Bosnians voted Sunday in presidential and parliamentary elections that could either give a new impetus for its integration to EU and NATO or widen the divide along ethnic lines.
REUTERS - The Bosnian Serb leader warned on Sunday of Bosnia's possible dissolution if rival politicians could not work together in the ethnically divided country as voters went to the polls.
Since the last vote in 2006, mistrust has deepened between nationalist Croat, Serb and Muslim leaders, and political divisions have widened between the country's two regions, the Muslim-Croat federation and the Serb Republic.
"Either we will be able to reach a compromise and some balance or we will have to go for another option and that is to separate in peace, live next to each other and develop civilised relations," Serb Republic Prime Minister Milorad Dodik said after voting in his native town of Laktasi.
The preliminary turnout figure by 3 p.m. (1300 GMT) was 35.7 percent, election organisers said. They expected it to be higher once data from all municipalities have been processed after polling stations closed at 7 p.m.
Since the 1992-95 war that killed about 100,000 people, Bosnia has held five general elections but has lagged in political and economic reforms and remains near the back of the queue of Western Balkan nations aspiring to EU and NATO entry.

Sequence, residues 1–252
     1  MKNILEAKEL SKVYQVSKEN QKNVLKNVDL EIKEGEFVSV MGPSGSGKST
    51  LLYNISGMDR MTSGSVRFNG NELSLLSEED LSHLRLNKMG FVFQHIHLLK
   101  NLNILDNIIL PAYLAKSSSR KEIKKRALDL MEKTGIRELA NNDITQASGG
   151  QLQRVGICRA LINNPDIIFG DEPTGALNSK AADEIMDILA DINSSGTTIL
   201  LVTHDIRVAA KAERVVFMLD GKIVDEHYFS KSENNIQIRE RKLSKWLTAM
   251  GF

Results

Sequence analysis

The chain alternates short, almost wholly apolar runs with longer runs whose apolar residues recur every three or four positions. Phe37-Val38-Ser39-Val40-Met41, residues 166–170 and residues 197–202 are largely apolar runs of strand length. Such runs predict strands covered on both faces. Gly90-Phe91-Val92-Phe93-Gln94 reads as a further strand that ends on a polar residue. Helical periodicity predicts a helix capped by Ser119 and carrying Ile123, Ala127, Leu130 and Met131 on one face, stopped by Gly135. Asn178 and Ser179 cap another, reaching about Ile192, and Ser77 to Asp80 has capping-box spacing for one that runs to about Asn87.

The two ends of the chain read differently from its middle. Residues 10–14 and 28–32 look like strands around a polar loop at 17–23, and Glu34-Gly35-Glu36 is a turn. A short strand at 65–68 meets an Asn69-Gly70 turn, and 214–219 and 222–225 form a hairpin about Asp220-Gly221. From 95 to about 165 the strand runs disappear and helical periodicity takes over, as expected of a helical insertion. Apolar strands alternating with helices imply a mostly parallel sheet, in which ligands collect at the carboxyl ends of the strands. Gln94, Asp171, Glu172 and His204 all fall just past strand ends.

More than 3.1 million voters were eligible to cast ballots for Serb, Croat and Muslim presidency members and deputies in the central, regional and cantonal parliaments, as well as a new president and vice-president of the Serb Republic.
Preliminary results are expected late on Sunday and early on Monday.
"I am voting to replace the politicians who made this country stagnate for more than 15 years. It is about time they left," said Emina Sejdic, 59, who is unemployed.
The country of nearly 3.9 million people in the heart of the Balkans has forests, coal and rapid rivers that make it the region's sole power exporter.
But the economy, which saw double-digit growth after the war as $15 billion in international aid flowed in, has been slowed in the past few years by burdensome administration, corruption and bickering politicians.
"This is the most important postwar election. We are at a crossroads and we must chose whether we want progress or to continue going recklessly into a demise," said Bakir Izetbegovic, a candidate for the presidency's Muslim seat from the largest Muslim Party of Democratic Action (SDA).
After the International Court of Justice ruled in July that Kosovo's declaration of independence from Serbia was legal, Dodik started campaigning that Bosnian Serbs should have the same right to secede.
Bosnian Croat nationalist leader Dragan Covic has also based his campaign on calls for a separate Croat entity within Bosnia. "It is important that we go ahead with constitutional changes, right after the election," he said in Mostar.
Bosnian Muslims, the largest ethnic group in the Balkan country, dismiss such talk and say moves towards separatism would lead to a new war.
Date created : 2010-10-03